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Subject: Re: [soa-rm-ra] Definition of Governance

I do not believe that we need to cater to 'evil' people.

However, nor do we need to restrict ourselves to 'do-gooders' either.

I suggest, however, that we do restrict the scope of governance to  
the 'smooth running' of the system. That, was one reason that I felt  
that individual participants' goals are out of scope for governance.

On Sep 10, 2007, at 1:52 PM, Ken Laskey wrote:

> It would be interesting to evaluate governance success vs. how  
> clear and accurate the statement was of governance goals, but I  
> believe that is out of scope :-).
> My past standards associate, Carl Cargill, noted that standards  
> development has a very long and dishonorable history.  (Carl has  
> been at this much longer than I and also has a very well honed  
> sense of cynicism.)  Per Carl, the intent of participants is always  
> to see if they can control the agenda to their benefit, they  
> compromise when getting some of what they want is better than  
> nothing, and they often create new standards organizations when  
> they can't sufficiently control the existing ones.  Those are the  
> explicit goals and processes of most participants in economic  
> ecosystems.
> The problem with comparison to the US Constitution is we rarely  
> have a collection of people of that caliber whose goal is the  
> public good and not primarily their own.
> Our governance model needs to cover both.
> Ken
> On Sep 10, 2007, at 4:18 PM, Ellinger, Robert wrote:
>> Some thoughts that I have been working for a book on a new type of  
>> economics, entitled Organizational Economics: The Formation of  
>> Wealth.
>> Obviously the US Constitution defines the functional structure of  
>> governance in the three branches of government, but more  
>> importantly for our discussion it defines the goal of governance.   
>> The preamble to the US Constitution has an excellent definition of  
>> the reason of governance and is the constitution structure  
>> reflects a good governance architecture.
>> "We the People of the United States, in Order to form a more  
>> perfect Union, establish Justice, insure domestic Tranquility,  
>> provide for the common defense, promote the general Welfare, and  
>> secure the Blessings of Liberty to ourselves and our Posterity, do  
>> ordain and establish this Constitution for the United States of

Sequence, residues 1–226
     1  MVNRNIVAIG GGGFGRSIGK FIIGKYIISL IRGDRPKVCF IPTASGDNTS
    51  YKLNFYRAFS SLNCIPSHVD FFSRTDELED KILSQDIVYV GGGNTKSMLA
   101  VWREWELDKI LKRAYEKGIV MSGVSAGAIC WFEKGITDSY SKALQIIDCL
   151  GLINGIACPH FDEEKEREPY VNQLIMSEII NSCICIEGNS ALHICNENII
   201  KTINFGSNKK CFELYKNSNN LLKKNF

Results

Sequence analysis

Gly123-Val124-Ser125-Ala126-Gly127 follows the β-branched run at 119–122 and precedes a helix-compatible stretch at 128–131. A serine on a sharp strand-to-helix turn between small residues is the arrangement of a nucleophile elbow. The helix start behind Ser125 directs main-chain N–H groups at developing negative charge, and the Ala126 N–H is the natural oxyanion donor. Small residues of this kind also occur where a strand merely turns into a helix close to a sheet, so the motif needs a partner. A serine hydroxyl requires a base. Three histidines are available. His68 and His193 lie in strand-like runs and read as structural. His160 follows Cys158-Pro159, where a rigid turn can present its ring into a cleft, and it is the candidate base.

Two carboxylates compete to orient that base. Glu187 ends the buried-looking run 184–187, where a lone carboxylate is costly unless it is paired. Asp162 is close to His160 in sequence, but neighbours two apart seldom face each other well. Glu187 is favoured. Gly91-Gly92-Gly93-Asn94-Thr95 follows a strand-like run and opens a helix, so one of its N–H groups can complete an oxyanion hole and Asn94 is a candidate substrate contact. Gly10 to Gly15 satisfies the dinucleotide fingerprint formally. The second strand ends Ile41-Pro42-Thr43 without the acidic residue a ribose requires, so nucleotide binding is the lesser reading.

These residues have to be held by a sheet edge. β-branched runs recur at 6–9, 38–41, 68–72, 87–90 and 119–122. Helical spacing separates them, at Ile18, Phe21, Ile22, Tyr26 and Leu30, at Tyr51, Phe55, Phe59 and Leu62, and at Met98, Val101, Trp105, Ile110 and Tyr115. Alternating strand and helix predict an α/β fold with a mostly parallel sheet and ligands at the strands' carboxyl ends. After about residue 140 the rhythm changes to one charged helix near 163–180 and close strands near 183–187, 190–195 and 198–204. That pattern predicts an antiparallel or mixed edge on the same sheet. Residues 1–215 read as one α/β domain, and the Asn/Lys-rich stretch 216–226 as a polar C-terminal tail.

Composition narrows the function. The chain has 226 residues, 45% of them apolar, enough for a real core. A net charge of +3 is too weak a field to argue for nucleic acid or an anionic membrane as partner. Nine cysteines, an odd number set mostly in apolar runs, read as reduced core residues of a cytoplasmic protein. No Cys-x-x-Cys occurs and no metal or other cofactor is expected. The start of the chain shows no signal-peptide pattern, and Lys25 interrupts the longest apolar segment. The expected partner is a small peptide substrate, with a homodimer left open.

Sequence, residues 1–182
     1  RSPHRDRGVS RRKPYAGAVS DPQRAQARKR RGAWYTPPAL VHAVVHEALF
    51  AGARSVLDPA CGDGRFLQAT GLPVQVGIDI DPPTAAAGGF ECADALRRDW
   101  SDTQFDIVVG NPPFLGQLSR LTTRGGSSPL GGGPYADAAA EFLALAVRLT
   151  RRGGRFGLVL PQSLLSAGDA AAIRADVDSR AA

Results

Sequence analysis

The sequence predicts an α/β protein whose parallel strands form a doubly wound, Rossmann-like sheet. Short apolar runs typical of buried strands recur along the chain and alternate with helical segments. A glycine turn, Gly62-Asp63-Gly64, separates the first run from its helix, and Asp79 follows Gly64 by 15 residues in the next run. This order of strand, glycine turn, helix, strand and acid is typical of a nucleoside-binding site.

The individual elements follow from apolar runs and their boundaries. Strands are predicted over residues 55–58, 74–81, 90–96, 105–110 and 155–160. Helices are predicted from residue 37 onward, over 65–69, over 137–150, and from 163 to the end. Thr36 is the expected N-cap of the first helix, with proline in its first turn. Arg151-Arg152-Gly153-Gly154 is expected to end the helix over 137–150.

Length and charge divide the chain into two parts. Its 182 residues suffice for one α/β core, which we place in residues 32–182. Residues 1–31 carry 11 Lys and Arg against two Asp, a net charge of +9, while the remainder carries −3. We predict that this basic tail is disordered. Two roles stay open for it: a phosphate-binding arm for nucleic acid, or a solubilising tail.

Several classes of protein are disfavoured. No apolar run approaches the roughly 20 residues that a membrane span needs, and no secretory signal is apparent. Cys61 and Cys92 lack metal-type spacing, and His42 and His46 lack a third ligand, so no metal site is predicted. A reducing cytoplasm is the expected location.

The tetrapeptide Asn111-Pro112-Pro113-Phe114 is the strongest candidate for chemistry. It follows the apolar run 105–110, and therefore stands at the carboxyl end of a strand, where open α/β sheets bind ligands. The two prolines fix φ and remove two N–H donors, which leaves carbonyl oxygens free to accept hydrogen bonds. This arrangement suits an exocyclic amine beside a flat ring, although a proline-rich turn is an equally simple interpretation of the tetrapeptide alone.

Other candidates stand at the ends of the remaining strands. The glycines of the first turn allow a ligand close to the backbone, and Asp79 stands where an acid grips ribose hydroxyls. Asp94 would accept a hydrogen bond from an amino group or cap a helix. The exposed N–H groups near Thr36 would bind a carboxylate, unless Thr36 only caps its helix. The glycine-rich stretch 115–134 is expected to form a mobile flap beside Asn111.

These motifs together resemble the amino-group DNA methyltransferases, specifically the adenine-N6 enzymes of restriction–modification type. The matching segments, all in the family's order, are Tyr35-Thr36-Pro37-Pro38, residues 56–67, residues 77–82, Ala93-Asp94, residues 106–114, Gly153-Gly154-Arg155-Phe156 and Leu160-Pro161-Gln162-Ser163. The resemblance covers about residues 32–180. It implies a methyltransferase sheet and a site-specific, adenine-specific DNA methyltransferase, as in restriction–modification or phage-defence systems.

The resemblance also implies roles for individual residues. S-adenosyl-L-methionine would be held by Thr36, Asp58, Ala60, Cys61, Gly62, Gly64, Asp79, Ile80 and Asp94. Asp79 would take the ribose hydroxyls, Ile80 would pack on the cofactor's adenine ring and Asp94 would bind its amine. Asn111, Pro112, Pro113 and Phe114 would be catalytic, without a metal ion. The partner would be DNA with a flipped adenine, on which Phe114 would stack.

>> America."
>> The blue-lighted/bolded clauses make up a good definition of the  
>> goals of governance, i.e., what it is supposed to do.  Governance  
>> "establishes justice, (a level playing field and/or rules of  
>> competitive non-lethal engagement) which ensures a good Saturday  
>> night for the weak (that is, domestic tranquility because there is  
>> a level playing field and rules of engagement that are supposed to  
>> apply to everyone equally, [except for Congress {if con is the  
>> opposite of pro, what is the opposite of progress?}]); and promote  
>> the general welfare in two ways (by setting measurement standards  
>> (see Article 1, Section 8, Clause 3, which states "…to regulate  
>> Commerce with foreign Nations, and among the several States, and  
>> with the Indian Tribes." and in other clauses To coin money,  
>> regulate the value thereof, and of foreign coin, and fix the  
>> standard of weights and measures; To provide for the punishment of  
>> counterfeiting the securities and current coin of the United  
>> States; To promote the progress of science and useful arts, by  
>> securing for limited times to authors and inventors the exclusive  
>> right to their respective writings and discoveries) and by  
>> ensuring a communications infrastructure of that era (To establish  
>> post offices and post roads).
>> I suspect that governance in all organizations have the same  
>> goals.  The reason for differences is cultural more than  
>> functional.  These are not individual or organizational goals  
>> only, but also the implicit goals of all economic ecosystems and  
>> the reasons for alliances and standards organizations (e.g., its  
>> hard to trade without standard weights and measures and without an  
>> impartial market--which explains the reason for markets worrying  
>> about insider trading).
> ---------------------------------------------------------------------- 
> --------------------
> Ken Laskey
> MITRE Corporation, M/S H305     phone:  703-983-7934
> 7515 Colshire Drive                        fax:        703-983-1379
> McLean VA 22102-7508

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